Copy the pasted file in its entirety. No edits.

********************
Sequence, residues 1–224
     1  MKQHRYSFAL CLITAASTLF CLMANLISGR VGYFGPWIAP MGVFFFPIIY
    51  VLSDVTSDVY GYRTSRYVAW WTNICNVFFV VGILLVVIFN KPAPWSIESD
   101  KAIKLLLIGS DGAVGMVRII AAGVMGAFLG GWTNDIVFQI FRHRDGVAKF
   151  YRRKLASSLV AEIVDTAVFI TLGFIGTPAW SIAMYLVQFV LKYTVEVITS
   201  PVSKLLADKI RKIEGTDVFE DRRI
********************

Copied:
Sequence, residues 1–224
     1  MKQHRYSFAL CLITAASTLF CLMANLISGR VGYFGPWIAP MGVFFFPIIY
    51  VLSDVTSDVY GYRTSRYVAW WTNICNVFFV VGILLVVIFN KPAPWSIESD
   101  KAIKLLLIGS DGAVGMVRII AAGVMGAFLG GWTNDIVFQI FRHRDGVAKF
   151  YRRKLASSLV AEIVDTAVFI TLGFIGTPAW SIAMYLVQFV LKYTVEVITS
   201  PVSKLLADKI RKIEGTDVFE DRRI